Could your smartphone one day notify you that you are in the early stages of a life-threatening disease — long before a doctor does? Strong signs indicate that mobile phones will become capable of that and many more types of medical diagnostic tasks. The race is on at UCLA, UC Berkeley and other organizations to imbue cell phones with imaging and microscope-like functionality that could turn them into lifesavers on a grand scale. Commercial companies offering $10 hardware parts aimed at these applications and more are starting to take shape. Here are more details on the escalating and exciting development of the pocket doctor.
Mobile phones could have a bright future in simple but powerful medical applications aimed at poverty- and disease-stricken parts of the world, as well as at average Joes and Janes. For example, researchers at UCLA have developed a phone-based imaging technology called LUCAS (Lensless Ultra-wide-field Cell monitoring Array platform based on Shadow imaging) that has the potential to monitor the condition of people with HIV and malaria. Phones with LUCAS onboard can capture an image of a blood or saliva sample then illuminate it with short wavelength blue light in such a way that a remote doctor can make a diagnosis.
Professor Aydogan Ozcan at UCLA is behind LUCAS and is one of the leading researchers working on imaging applications for mobile phones. You can visit his research group’s web site here. Just last week, Ozcan and his team made waves with a $10 part for mobile phones that can act like a microscope, without a lens (see the photo here). The hope is that the technology will allow early disease detection and that it could be built into most cell phones. Ozcan has formed a commercial company, Microskia, to spread the technology, as The New York Times recently reported.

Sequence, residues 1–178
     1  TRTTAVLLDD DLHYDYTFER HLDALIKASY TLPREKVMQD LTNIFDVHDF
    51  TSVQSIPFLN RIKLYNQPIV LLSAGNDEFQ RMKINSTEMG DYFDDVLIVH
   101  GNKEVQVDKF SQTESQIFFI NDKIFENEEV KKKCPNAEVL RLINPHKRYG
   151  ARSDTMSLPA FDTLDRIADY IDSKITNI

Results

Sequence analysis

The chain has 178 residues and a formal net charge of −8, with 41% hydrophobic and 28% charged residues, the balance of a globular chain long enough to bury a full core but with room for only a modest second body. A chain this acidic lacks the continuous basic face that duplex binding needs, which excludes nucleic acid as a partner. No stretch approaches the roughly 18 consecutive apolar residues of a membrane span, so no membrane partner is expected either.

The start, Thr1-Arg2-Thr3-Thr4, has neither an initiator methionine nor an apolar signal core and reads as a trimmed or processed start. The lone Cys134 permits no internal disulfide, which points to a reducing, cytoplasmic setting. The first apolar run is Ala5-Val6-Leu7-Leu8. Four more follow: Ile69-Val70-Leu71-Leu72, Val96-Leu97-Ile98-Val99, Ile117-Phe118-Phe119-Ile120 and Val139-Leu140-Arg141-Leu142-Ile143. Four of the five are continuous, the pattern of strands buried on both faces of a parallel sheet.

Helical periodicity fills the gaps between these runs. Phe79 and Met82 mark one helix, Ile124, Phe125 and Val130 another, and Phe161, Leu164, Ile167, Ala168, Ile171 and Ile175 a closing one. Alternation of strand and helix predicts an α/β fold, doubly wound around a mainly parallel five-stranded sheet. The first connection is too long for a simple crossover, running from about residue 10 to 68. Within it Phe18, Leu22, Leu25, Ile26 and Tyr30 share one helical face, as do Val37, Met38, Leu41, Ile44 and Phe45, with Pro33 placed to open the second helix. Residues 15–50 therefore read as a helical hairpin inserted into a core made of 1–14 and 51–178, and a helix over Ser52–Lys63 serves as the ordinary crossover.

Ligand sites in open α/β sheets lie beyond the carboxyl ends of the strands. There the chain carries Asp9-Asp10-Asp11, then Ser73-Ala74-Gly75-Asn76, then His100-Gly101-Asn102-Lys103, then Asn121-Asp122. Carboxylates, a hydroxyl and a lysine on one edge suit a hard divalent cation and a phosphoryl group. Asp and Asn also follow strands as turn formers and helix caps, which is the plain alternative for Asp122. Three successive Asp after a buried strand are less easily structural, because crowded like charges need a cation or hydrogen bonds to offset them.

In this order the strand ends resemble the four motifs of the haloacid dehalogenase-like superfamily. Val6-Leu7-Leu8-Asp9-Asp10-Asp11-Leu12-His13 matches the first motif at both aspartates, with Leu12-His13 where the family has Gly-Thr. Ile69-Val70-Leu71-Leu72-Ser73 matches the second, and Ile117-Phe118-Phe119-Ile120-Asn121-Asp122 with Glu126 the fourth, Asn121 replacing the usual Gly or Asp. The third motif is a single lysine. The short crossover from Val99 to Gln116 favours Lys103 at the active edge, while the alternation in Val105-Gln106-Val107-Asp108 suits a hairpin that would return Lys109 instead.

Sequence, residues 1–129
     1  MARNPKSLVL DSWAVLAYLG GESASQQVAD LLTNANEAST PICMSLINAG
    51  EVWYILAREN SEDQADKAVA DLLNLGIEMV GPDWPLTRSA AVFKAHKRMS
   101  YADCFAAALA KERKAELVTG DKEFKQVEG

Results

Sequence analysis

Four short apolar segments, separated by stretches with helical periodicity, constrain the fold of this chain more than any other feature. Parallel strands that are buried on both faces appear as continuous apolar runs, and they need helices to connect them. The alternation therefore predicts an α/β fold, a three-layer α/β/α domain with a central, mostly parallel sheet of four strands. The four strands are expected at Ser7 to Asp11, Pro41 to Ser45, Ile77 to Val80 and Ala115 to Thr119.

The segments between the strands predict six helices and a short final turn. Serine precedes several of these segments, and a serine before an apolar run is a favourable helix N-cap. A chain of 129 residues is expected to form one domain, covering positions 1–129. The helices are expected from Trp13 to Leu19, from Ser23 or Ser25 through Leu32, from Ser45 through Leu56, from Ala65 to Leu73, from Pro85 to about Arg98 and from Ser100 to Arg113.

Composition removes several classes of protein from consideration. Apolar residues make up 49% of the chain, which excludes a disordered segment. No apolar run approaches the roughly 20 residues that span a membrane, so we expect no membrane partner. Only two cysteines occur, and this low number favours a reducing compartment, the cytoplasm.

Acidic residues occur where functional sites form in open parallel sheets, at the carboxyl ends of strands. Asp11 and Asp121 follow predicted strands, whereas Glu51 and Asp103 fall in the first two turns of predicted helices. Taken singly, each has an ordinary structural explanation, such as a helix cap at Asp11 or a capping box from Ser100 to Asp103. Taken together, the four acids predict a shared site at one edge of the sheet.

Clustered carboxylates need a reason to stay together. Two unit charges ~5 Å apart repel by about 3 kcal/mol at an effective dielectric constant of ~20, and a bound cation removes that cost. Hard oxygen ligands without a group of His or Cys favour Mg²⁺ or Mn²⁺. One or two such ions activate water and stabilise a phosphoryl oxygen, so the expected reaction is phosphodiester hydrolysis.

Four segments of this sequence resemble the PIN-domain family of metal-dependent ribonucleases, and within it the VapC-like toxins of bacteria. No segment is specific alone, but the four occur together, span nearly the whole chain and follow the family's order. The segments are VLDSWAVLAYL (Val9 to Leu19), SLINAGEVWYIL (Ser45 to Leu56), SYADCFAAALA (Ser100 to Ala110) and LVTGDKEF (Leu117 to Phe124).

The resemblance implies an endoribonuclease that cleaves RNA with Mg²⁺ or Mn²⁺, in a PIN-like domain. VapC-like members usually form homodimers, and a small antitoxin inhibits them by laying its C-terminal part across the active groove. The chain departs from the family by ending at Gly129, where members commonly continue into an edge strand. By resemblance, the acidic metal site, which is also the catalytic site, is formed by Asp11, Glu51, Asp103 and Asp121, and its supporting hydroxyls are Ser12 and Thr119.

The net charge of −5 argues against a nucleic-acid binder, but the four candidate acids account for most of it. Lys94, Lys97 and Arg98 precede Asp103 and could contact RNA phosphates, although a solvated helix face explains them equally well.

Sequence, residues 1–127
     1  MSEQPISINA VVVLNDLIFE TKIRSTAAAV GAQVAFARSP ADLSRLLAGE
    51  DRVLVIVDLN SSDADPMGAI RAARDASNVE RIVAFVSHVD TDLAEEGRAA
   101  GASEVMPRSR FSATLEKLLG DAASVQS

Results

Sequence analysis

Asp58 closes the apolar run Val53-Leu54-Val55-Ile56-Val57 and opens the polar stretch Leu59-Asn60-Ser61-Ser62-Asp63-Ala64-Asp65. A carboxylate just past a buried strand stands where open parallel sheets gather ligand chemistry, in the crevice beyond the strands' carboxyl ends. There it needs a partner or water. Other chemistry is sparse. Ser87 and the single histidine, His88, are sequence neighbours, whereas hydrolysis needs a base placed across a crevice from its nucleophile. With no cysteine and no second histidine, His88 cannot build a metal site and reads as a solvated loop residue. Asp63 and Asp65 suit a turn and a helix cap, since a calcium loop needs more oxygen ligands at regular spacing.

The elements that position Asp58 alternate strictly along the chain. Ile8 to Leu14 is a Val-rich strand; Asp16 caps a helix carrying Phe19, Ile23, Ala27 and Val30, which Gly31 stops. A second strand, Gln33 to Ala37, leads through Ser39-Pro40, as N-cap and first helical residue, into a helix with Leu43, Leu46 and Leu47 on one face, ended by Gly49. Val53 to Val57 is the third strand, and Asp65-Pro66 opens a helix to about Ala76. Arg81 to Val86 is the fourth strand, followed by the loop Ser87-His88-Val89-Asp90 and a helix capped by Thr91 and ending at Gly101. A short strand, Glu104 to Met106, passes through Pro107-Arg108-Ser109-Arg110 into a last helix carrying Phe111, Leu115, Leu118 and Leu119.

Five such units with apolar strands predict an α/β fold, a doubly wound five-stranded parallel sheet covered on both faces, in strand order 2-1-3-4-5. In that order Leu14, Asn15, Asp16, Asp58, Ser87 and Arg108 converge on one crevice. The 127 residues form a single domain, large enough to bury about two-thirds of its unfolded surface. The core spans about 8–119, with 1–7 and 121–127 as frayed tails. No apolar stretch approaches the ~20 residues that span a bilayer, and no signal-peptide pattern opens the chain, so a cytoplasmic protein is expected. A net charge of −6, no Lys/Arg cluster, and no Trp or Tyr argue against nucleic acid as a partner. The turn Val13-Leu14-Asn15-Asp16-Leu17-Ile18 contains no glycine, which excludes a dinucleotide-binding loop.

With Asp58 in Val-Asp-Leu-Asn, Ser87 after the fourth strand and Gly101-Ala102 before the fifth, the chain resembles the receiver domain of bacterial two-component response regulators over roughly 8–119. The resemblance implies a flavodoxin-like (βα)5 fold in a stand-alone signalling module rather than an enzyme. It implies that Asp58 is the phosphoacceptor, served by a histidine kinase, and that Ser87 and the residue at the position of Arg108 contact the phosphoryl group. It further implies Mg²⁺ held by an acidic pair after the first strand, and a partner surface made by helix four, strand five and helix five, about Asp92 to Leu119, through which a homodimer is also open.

Ozcan isn’t the only researcher who foresees mobile phones notifying us that we are sick as soon as the earliest signs of disease appear. Berkeley researchers have developed a cell phone microscope, CellScope, that is aimed at making on-the-go diagnoses. Berkeley researchers also foresee cell phones becoming capable of imaging early stage tumors directly on the phones, as seen in the simulation of a breast cancer tumor at left (and as discussed in the video below).
open-source apps also are aimed at mobile phone-based medical applications. EpiSurveyor is an ambitious, open-source, database-driven platform, with roots in open source, for gathering and sharing medical data using mobile phones. It’s widely used in Africa and Indonesia, and its developer, Dr. Joel Selanikio, has won prestigious awards for it. He developed it because he noticed that cell phones are in use even in the poorest parts of the world.
Among the huge drivers for innovation surrounding medical diagnostic and data collection tools for mobile phones are the sheer ubiquity of the devices, and how they are always with us. It’s entirely likely that, over time, mobile phones will become the most commonly used tools for medical diagnostics — our pocket doctors.